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The modernist movements of the late nineteenth and early twentieth centuries in art, architecture and music, were all about rejecting the accepted wisdoms, forms and dogmas that existed up until that time. These essentially aped the values and forms of the Ancient Egyptians and Greeks which were rediscovered as the Dark ages gave way to the Renaissance. The basic premise was to deconstruct and simplify what had gone before.

So, in art, they rejected the stiffly posed, formal portraits; formulaic 'perfect' landscapes and repetitive, fussy, still lifes, in favour of exploring line, form and color in the abstract. Primary colors and rectilinear forms were depicted and explored for their own sake.

In architecture, the ornate decoration and complex structural forms were again simplified. Favouring function over form; rejecting the Greek proportional orthodoxy and Gothic detailing; they moved to clean lines, light facades and simple outlines; whilst adopting and advancing the latest technologies in construction.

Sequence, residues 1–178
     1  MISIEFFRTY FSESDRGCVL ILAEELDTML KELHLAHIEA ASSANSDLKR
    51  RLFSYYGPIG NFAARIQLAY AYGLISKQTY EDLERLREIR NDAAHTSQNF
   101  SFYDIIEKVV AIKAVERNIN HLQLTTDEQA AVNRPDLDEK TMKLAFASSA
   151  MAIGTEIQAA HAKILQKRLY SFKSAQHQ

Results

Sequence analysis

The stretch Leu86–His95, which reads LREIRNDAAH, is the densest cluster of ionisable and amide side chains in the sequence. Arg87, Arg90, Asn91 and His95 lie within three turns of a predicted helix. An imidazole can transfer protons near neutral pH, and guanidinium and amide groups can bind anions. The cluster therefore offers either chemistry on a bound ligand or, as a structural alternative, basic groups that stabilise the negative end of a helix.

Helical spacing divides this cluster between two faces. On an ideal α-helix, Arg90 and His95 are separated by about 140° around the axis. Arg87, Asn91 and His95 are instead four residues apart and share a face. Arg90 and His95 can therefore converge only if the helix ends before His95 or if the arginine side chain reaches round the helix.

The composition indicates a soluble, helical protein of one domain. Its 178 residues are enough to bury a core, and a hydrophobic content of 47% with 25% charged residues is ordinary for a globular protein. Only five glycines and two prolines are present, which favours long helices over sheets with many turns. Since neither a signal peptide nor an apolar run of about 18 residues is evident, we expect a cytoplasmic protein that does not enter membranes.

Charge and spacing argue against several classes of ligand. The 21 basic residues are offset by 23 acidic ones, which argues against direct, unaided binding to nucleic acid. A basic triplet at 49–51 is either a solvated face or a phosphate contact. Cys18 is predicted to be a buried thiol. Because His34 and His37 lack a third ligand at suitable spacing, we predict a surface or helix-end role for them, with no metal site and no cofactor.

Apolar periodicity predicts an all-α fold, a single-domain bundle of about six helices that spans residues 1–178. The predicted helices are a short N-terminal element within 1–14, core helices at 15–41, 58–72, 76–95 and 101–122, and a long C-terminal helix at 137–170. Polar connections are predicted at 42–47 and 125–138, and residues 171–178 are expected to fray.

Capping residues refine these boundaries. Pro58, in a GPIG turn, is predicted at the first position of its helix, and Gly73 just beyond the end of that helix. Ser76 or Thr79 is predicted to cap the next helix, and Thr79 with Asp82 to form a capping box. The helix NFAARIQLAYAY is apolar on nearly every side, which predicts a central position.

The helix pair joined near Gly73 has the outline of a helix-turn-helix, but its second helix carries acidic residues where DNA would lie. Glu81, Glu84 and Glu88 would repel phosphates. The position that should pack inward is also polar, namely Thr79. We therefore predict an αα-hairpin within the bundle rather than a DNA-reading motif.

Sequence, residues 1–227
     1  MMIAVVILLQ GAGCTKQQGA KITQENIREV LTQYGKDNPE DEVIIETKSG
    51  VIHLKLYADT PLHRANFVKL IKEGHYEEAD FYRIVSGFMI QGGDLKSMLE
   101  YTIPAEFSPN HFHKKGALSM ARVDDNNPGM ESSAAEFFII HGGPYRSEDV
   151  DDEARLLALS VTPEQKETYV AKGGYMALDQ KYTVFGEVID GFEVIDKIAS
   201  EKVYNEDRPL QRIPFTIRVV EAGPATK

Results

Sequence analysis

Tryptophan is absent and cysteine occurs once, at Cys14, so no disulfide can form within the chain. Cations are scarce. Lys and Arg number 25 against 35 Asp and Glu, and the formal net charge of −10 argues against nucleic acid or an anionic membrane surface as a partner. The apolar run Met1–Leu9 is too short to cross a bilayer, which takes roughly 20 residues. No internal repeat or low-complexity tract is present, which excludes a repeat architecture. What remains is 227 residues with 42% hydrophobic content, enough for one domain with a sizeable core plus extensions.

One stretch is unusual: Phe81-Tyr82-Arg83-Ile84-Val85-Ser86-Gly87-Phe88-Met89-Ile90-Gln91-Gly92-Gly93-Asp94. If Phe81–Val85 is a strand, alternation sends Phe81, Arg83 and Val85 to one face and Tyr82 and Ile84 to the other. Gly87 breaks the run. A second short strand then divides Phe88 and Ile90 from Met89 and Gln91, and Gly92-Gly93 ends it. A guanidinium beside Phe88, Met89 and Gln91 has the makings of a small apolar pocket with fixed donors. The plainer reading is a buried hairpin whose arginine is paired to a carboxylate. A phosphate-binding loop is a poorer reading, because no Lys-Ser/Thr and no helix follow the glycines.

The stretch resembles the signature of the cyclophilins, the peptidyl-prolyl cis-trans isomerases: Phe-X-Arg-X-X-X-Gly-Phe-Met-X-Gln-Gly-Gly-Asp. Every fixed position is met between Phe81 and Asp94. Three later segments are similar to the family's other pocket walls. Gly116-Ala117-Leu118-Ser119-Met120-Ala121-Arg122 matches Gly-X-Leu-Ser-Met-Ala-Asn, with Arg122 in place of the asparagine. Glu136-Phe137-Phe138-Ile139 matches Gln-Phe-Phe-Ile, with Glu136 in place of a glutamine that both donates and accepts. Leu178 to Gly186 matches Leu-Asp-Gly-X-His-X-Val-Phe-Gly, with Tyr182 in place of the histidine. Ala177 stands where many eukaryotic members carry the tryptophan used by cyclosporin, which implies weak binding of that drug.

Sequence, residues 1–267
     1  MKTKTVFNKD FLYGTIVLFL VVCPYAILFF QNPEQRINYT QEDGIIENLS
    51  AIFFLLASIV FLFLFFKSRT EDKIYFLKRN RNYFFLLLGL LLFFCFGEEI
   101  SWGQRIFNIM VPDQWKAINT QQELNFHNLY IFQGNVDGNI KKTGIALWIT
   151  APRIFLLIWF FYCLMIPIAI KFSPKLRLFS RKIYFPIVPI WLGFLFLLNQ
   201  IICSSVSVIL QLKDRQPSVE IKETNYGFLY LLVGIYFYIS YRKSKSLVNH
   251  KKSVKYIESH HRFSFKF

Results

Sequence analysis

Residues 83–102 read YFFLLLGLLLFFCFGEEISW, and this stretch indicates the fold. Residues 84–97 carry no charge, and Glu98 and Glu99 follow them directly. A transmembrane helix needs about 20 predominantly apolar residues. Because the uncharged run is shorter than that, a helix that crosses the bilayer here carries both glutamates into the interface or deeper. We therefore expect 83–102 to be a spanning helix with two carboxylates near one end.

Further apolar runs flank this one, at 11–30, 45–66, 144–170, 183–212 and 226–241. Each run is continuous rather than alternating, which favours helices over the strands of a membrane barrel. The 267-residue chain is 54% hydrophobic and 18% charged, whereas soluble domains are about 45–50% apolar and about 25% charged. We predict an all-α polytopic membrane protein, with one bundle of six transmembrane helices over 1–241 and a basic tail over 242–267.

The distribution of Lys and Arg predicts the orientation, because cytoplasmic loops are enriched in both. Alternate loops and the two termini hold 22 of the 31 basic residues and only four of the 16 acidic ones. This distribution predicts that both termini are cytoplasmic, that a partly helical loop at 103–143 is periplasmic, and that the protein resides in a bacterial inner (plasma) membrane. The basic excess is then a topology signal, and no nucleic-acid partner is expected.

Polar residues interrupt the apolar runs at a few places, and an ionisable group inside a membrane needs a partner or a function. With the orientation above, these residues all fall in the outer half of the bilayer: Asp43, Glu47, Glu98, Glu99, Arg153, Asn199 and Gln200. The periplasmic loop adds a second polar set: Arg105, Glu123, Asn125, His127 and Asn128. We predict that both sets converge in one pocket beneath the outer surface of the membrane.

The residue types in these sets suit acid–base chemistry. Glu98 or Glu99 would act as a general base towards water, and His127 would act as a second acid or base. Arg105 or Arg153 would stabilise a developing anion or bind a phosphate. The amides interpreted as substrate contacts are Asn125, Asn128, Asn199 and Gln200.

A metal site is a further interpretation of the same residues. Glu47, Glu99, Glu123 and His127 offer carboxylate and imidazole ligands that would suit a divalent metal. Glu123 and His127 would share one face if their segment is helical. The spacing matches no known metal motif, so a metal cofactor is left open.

Post-modernism in these fields to some extent returned to utilising the formalism and rules of the ancients, seeking to combine them with the techniques pioneered by the modernists to produce realism, and 'character'. Along with that formalism came complexity--both of forms and the rules governing them--and weight.

To that end, Moose is very post-modern.


Examine what is said, not who speaks -- Silence betokens consent -- Love the truth but pardon error.
"Science is about questioning the status quo. Questioning authority".
In the absence of evidence, opinion is indistinguishable from prejudice.

In reply to Re: Modern vs postmodern? by BrowserUk
in thread Modern vs postmodern? by Anonymous Monk

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